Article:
This invention discloses a phosphorescent PVC film which exhibits (after excitation) an intense and long-lived emission (commonly referred to as afterglow) of light known as phosphorescence. Phosphorescence is distinguishable from fluorescence, which is the emission of light from a substance which ceases abruptly upon removal of the excitation source. For example, illumination of a phosphorescent PVC film of the present invention for 10 minutes with a common fluorescent office light, typically resulted in an afterglow of about 20 millilumen per square foot after about 10 seconds, and slowly diminished to about 1 millilumen per square foot after approximately thirty minutes. The phosphorescent PVC film of the present invention find wide application and offers an improvement over existing phosphorescent film. Moreover, the phosphorescent PVC film of this invention is particularly useful in dark locations, when the film has been previously illuminated, and the film's afterglow signals a warning or a pathway.
The phosphorescent PVC film of the present invention is made from a composition containing a PVC-based resin, a primary and secondary plasticizer, a primary and secondary stabilizer, and a phosphorescent pigment. As used herein, the term "PVC-based resin" means that the resin includes vinyl chloride monomer, and may optionally include other comonomers. If only the vinyl chloride monomer is present in the PVC-based resin, polymerization of the resin will yield the polymer PVC. If, in addition to vinyl chloride monomer, one or more different comonomers are also present in the PVC-based resin, polymerization of the resin will yield a copolymer. Suitable comonomers include, but are not limited to, vinyl acetate, ethylene, propylene, maleate, methacrylate, acrylate, high alcohol vinyl ester, urethane, chlorinated urethane, methylmethacrylate, and mixtures thereof. The comonomers of the PVC-based resin may also be in the form of blends, which include, but are not limited to, ethylene-vinyl acetate copolymer, acrylonitrile-butadiene-styrene terpolymer, acrylonitrile-butadiene copolymer, and mixtures thereof. Within the PVC-based resin, the comonomers may be present in an amount up to 10 parts per hundred resin. The term "parts per hundred resin" is used herein to define the quantity of a component based on the total weight of the PVC-based resin, and is abbreviated "pphr".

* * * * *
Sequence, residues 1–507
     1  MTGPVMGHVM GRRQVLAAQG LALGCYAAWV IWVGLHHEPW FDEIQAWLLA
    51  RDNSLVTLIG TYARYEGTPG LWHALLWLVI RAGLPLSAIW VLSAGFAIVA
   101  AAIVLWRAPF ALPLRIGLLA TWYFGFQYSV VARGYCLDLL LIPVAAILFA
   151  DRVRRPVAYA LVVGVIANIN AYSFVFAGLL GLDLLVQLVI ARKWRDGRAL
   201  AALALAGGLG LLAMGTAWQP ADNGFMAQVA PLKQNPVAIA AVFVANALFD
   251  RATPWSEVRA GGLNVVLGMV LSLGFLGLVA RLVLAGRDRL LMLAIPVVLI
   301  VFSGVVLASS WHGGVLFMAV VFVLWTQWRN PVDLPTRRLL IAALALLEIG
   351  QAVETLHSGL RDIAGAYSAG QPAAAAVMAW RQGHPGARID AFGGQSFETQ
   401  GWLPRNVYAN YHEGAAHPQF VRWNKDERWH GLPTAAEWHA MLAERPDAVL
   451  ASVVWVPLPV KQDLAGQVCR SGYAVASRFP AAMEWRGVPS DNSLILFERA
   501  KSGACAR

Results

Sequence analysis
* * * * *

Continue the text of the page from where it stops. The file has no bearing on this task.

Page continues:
The primary and secondary plasticizers serve to provide flexibility to the phosphorescent PVC film. Preferably, the primary plasticizer is an epoxidized soybean oil, and is present in the composition and film in an amount ranging from 4 to 15 pphr, more preferably from 5 to 10 pphr, and most preferably 5 to 7 pphr. A suitable epoxidized soybean oil is of a grade comparable to that sold by Argus Chemical (Grade Drapex 6.8).